Why I Still Love Being a Pharmacist


Be proud of what you do every day.

It can be easy to be negative about being a pharmacist, especially given the climate. Declining reimbursement squeezes independent pharmacies of their livelihood, and a flooded market means fewer jobs and poorer working conditions, and complex health care administration and billing means that many of us spend more of our day with insurance companies than with patients. In spite of this, I still love being a pharmacist and love what we do every day. I wanted to break the ice by sharing some of my own reasons and accomplishments. I hope this will make it easier to get your thoughts flowing about your reasons to love being a pharmacist every day (besides just to pay the bills) and to recognize what you have already done for your community.

As a pharmacist, I love running coupons for patients on their expensive medications, while they aren’t there, and seeing their beaming face when they come back. They discover their copay is only $10 and there is a coupon attached to their bag. I love helping my patients that are struggling to figure out find the right insurance plan for them, during open enrollment. I love knowing that I saved a patient’s life when I was barely out of school and used knowledge I gained from my inpatient rotation to prevent a patient on Tikosyn from receiving HCTZ.

I am proud to have provided life-saving immunizations to hundreds, maybe thousands, of patients to protect them from pneumonia, shingles, influenza, hepatitis, and others. I am proud to have been the one to recommend those vaccines much of the time. I love teaching the next generation of pharmacists on their rotations and seeing their skills and confidence improve in just a short period of time. I am proud to have moved our IV room toward compliance with USP 797, significantly increasing the safety of dispensed IV medications. I loved being the state IV trainer and training many of our other pharmacists and technicians in USP 797 and aseptic technique, exponentially increasing my impact on patient safety.

I still remember the woman who came to me, nervous, because she has experienced significant bleeding "like I was a teenager again" and wasn’t sure what to do. She wanted to wait one more month to see if it happened again. I pushed her to see her doctor. She came back and thanked me several times after being referred to her gynecologist to be treated.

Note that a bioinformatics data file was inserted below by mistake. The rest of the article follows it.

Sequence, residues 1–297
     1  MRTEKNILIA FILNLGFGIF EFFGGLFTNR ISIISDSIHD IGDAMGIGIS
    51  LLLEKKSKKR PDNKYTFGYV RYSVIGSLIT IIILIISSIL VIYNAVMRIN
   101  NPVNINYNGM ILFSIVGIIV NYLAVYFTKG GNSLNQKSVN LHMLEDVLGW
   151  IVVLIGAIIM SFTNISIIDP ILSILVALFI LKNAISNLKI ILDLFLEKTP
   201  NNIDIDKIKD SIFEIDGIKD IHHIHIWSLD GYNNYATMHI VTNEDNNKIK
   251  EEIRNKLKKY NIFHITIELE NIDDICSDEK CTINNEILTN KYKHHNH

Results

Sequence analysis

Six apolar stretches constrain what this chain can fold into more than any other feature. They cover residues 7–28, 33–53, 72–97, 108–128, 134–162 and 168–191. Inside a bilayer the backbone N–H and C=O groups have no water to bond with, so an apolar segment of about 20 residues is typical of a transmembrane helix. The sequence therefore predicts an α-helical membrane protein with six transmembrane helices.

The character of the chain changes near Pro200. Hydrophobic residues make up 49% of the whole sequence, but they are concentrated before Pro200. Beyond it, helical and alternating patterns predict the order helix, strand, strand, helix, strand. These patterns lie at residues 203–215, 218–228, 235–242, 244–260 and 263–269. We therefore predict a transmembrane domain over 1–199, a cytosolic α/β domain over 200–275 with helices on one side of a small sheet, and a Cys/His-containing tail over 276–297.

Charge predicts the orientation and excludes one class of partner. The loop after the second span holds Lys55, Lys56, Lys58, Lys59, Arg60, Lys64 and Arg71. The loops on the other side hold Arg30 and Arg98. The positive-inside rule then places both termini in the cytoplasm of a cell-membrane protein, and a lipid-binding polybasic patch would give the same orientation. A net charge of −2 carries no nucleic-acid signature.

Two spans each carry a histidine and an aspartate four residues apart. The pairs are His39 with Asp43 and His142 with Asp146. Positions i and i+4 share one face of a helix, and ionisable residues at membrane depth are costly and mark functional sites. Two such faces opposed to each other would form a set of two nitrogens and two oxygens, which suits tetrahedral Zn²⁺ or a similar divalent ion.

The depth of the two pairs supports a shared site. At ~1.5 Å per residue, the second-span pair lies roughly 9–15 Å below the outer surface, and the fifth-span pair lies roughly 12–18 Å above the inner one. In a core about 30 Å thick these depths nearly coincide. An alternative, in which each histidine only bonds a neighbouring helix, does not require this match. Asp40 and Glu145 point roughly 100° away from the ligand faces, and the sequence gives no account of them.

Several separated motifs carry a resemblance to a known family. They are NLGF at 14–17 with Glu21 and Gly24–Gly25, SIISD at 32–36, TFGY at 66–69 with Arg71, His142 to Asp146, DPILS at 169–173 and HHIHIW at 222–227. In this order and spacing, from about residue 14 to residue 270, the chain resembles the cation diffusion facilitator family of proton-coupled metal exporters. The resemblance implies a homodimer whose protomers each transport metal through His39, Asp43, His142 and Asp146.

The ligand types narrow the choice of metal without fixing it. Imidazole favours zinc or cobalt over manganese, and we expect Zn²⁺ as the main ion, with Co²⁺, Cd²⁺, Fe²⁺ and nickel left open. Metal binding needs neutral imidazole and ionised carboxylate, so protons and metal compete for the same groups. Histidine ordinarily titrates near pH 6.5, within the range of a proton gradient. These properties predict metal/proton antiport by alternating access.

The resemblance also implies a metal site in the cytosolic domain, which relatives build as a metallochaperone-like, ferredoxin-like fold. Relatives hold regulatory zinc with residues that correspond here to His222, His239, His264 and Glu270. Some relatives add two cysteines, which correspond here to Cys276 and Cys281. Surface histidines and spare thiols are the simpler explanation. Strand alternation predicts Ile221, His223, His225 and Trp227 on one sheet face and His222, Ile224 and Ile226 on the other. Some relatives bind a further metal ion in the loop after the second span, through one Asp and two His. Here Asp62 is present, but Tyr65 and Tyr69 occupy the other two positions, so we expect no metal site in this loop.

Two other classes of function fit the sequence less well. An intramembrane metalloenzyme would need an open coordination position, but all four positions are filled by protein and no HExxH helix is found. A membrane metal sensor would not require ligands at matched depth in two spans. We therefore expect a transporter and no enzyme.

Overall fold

I was proud to be part of the first national chain to Ask-Advise-Refer for every patient dropping a prescription off, and for being able to put together a smoking cessation event in the store, in partnership with the local public health association. I love finding just the right drug to treat someone, like the time a woman told me that she couldn’t eat because of mouth sores after chemotherapy; the doctor prescribed Marinol after assuming she didn’t have an appetite. I got it switched to viscous lidocaine so she could eat again.

I remember a woman with diabetes, on 2-3 medications, who was eating poorly because she was a “meat and potatoes kind of lady.” We talked over the course of several months when she was in; I ran a coupon for her Januvia, making it free, and pushed her spend that money buying better foods. The pharmacy was inside a grocery store and I saw her, over time, come see me with a better looking cart; we laughed about my cart inspections and she knew I was going to look. They were baby steps, and some were not arguably that helpful (like switching regular soda to diet soda), but I encouraged each effort she made. She put turkey instead of ground beef in her cart, and I saw more vegetables slowly show up in her cart. Oftentimes, she dropped by to see me even when she wasn’t getting a prescription, and one day she came to me excited because her doctor just told her that her A1C had dropped significantly from before and was much closer to goal, at around 7.5%. She looked motivated and hopeful again.

There is a reason we are among America’s most trusted professions. So, now it’s your turn—why are you proud of being a pharmacist?

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